The only downside to this collection is that it isn’t bilingual – how I would’ve loved to compare the original and the translation. Knowing Russian poetry, I’m almost certain the originals would’ve rhymed, and comparing rhyme and free verse would’ve been wonderful. Nonetheless, even if I hadn’t encountered Gumilyov’s work before, I found that the translate versions were already mesmerizing. I can only imagine what they were like in their original Russian.
The earlier poems were my personal favourites, particularly from the collections “Romantic Flowers” and “Pearls”. They had the strongest mix of an exotic, fairytale quality with the modern, a style of poetry I’m particularly fond of. There are dark and startlingly beautiful images throughout all the poems, of brides and jaguars and stars, and the sense of longing for a lover is so tangible I had to put the book down at times because I felt the speaker’s voice influencing my own emotions.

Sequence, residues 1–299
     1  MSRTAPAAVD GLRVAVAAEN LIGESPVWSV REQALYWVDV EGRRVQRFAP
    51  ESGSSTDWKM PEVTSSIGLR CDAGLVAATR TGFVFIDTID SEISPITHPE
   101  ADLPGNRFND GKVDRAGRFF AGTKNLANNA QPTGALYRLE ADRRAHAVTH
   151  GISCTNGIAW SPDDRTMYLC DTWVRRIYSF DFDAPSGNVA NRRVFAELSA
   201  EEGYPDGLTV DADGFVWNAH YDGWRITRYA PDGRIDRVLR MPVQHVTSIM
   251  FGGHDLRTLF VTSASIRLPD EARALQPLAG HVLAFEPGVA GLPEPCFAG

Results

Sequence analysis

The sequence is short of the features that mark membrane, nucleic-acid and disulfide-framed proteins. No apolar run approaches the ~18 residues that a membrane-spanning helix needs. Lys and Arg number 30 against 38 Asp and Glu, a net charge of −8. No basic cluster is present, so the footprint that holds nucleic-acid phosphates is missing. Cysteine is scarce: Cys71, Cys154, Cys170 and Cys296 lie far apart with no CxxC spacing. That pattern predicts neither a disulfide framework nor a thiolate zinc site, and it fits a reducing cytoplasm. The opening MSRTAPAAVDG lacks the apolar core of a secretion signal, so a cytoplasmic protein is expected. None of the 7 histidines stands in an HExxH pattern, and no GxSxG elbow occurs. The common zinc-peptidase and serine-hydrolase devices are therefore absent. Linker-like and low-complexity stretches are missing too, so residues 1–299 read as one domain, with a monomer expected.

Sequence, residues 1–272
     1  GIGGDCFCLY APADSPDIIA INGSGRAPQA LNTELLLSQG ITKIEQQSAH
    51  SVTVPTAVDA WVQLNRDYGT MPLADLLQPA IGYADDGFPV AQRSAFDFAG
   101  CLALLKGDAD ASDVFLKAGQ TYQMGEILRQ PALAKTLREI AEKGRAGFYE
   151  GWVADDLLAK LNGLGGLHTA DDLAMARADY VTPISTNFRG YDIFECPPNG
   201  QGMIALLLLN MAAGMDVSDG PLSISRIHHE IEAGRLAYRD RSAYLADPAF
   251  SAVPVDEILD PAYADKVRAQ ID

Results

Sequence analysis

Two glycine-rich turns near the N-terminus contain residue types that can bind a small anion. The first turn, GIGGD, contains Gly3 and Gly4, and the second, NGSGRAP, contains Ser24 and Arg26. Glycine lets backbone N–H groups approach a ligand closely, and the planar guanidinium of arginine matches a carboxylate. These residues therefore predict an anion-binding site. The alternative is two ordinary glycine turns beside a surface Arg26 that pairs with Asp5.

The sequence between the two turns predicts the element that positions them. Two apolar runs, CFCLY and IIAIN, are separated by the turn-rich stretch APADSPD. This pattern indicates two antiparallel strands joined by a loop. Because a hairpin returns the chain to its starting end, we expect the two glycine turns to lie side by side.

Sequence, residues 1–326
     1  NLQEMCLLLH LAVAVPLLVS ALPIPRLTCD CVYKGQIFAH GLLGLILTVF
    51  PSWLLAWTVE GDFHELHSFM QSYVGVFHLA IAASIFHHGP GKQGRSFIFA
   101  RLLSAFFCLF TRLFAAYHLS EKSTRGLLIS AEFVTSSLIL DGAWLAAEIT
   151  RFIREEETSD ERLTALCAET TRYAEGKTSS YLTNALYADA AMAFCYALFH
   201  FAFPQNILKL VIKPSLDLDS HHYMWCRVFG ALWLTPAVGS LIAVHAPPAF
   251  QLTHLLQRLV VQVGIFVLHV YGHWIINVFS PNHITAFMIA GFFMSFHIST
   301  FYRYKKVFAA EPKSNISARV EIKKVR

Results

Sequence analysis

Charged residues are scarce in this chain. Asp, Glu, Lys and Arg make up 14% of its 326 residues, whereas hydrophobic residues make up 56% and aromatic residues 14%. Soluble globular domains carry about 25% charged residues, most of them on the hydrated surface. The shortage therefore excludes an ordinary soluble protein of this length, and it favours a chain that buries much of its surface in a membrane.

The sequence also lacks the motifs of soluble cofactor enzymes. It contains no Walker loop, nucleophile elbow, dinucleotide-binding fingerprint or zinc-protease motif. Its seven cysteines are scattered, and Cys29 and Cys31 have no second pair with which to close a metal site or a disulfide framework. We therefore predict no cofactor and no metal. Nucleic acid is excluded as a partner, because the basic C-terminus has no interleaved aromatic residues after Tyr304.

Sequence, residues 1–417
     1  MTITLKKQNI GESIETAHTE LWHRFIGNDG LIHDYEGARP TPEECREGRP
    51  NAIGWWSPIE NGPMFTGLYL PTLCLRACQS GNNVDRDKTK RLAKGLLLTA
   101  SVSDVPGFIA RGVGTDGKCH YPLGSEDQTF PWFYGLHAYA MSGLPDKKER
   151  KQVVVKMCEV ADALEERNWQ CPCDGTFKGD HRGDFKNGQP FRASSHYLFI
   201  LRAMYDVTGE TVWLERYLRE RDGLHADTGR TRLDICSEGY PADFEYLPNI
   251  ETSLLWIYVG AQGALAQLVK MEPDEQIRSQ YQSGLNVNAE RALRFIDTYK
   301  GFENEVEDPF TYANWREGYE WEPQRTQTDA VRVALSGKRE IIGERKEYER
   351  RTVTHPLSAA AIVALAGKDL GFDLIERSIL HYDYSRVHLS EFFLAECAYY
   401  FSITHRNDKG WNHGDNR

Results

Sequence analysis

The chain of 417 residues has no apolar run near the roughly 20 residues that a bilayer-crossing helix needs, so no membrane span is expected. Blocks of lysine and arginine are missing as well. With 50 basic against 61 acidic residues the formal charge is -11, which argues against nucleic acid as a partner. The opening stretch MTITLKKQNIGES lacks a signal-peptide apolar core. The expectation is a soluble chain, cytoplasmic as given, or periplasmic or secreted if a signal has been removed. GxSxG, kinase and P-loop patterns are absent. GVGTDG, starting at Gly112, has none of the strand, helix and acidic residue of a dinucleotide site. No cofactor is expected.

For those not familiar with Gumilyov, the book is also wonderfully annotated, with biographical information and notes, as well as some of Anna Akhmatova’s own poetry that she wrote about Gumilyov. It’s a treat both in terms of Gumilyov’s creative power, which is overwhelming, as well as the scholarly side, the prefaces and notes that shine light on the complex and emotional life of a sadly not so well know poet.